I recently finished Wuthering Heights by Emily Bronte for a class. While reading it, I had to compose a “ghost chapter.” What I mean is, I wrote a chapter about something in that novel (perhaps a character’s mysterious leave or … Continue reading
It’s a good question, isn’t it? Do you really know your character? I feel like I know some of my characters inside and out, but I guess there’s only one way to find out. I’ve never been one of those … Continue reading
You’ve written thousands of words and proofread those words more times than you can count. You’ve invested yourself in these characters for months and months. Now, it’s time to let them go. However, before you can, you have to make … Continue reading
As writers, our endurance is everything. The long hours, the tireless nagging in your mind to write, the countless opinions–they all shape you as a writer. And you can either buckle under the pressure or toughen up, because it’s not … Continue reading
Threads, attire, hand-me-downs, drapery, apparel, or whatever you call what your characters wear, must define the character. Of course, the old saying goes, “Clothes don’t define you. You define the clothes.” That statement is true, but in books, clothing can … Continue reading
Is there a perfect hero? I don’t think so. I believe that every character has a crack. Throughout your story, you must make that crack bigger until it bursts. Then, it is up to the character to patch it back up. … Continue reading
Well, of course you have guts. But do you have guts in your writing? Are willing to kill the characters you love? When I kill a character, it feels as if I myself plunged the sword into his/her chest. In … Continue reading
First, I must show you a land that I have grown to love: Misha (pronounced MEE-shu-uh). At one time, it was the vast country of Russia. When a group of greedy inventors (innovative men and women) took over with their giant metallic dragon, nineteen Symbolic cities were formed. For more background, please visit The Reformation Trilogy page located above the header.
I wanted to visit my beloved characters. Truly, I believe they are the best that I have ever fabricated. Anastasia Knight is witty, inventive, and tough. Felix Ivanov is as hard as steel. Draco Rubin is passionate, loving, and skilled like his father. Roxanne Kosma is hilarious, steadfast, and a survivor. Of course, these are just a few characters. I have spent hours drawing them by hand and have written hundreds of pages about them. Now, I present to you their portraits and what makes them a good character.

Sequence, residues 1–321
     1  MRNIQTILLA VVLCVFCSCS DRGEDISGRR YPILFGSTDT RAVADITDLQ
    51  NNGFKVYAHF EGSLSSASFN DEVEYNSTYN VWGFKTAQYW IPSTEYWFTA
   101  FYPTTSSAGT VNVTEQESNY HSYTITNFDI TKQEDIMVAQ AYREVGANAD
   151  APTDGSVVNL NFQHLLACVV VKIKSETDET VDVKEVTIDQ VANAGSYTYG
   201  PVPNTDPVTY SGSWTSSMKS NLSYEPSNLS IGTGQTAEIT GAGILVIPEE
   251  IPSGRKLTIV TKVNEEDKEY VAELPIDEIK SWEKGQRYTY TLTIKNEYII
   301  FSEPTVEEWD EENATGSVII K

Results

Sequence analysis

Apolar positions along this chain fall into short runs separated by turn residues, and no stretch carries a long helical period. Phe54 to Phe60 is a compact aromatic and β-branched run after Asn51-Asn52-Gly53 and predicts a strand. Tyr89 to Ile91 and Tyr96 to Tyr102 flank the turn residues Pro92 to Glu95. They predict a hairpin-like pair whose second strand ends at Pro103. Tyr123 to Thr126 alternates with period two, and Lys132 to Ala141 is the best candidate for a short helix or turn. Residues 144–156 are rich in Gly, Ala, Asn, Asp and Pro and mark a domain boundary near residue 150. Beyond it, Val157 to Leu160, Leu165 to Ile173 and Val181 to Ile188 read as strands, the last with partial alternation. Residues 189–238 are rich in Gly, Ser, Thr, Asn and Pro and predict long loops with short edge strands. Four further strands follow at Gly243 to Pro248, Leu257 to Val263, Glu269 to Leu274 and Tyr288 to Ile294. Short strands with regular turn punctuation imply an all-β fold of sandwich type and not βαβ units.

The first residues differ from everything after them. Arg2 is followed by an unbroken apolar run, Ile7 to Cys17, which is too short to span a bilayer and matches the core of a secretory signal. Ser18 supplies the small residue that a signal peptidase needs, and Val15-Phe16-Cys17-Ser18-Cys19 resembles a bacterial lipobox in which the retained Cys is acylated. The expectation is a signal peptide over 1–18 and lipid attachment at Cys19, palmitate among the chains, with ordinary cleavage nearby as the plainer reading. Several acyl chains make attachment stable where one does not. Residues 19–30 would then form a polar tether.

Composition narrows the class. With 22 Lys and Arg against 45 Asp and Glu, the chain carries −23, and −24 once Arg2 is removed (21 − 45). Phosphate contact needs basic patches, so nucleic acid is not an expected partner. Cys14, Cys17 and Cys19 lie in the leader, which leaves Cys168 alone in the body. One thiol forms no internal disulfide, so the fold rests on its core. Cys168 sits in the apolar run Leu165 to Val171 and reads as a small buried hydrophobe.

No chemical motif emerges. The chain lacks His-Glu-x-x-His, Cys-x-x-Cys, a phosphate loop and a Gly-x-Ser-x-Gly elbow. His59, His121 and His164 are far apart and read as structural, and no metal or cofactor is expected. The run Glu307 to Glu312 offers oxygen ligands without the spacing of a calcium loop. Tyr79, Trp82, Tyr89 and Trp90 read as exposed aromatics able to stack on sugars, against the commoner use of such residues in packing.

Firstly, I feel I must introduce Anastasia Knight, who is the protagonist in our story. Orphaned when fourteen, she had to survive on the tough streets of Voina, which is her hometown. Guards are always on patrol, and she manages to hide away in an old factory with her piles of inventions. She is a quick learner and a faithful friend. Her weakness is that she is indecisive in battle. Her heart and mind argue too much, and she is, therefore, made vulnerable. Her friends are the most important thing to her, and she makes this known almost fragrantly. If anyone wanted to harm her, they only had to kill one of her friends. Her decisions and leadership skills are tested regularly throughout the war.
Second comes my dear Draco Rubin. He is beloved to me as a writer, for he shows courage and kindness like none of my other characters. His weakness: the way he deals with relationships and his soft heart when it comes to battle decisions. Because his father was a great leader in battle, he feels as if he needs to take his dead father’s place. He is pressed often and feels that, beyond anything else, he must protect Anastasia Knight.
Felix Ivanov enters The Reformation Trilogy by the end of its second chapter. His muscles and firm jaw display his heart of steel. His creative gears are shown by the many guns he had designed for The Russian Inventors’ Protection. As the war rages on, however, he sees the many bodies that are slain. Then, he questions his morals. He was orphaned as a baby and does not remember his parents, which leads him to lean and gain the last name of his mentor, Luis Ivanov.
One of my funniest characters is Luis Ivanov. Always lighthearted, he brings optimism to any situation. He is also former President and founder of the R.I.P. He is always charismatic and has a keen mind. He loves Felix Ivanov like a son. His quirky feature is that, when he speaks, he uses three adjectives in a row. An example: “What an innovative, explosive, delightful plan!”
One of my most unique and exciting characters is Roxanne Kosma. With her pink-streaked hair and spunky attitude, she adds an air of sarcasm and bluntness to any situation. Her skills come in handy often, and her spiky metal discs can slice off the head of any enemy who dares to stand in her way. Throughout the war, she matures and becomes a key to the success of the R.I.P. Due to her shady past, Anastasia is sometimes left wondering what Roxanne is really thinking.
The lovely Catherine Shukhov is Anastasia’s comforter. She cooks, cleans, and preps Anastasia for all kinds of different events. She weaves intricate braids and has the most fabulous taste. Her love for one of the soldiers, Joseph Shukhov, is a focal point in the second book. Catherine’s past is tragic, and her only comfort is Joseph and her other friends. She is a delightful character to write about, and her presence is refreshing to Anastasia after multiple bloody battles.
Finally, Andrew Nevsky is the responsible, fatherly figure throughout the story. Almost all responsibilities fall on him, and he maintains a relatively calm attitude. He also treasures Felix Ivanov as a son and has taught him in many ways. He lost his wife many years ago.
For a preview of the book, go to The Reformation Trilogy page located at the header.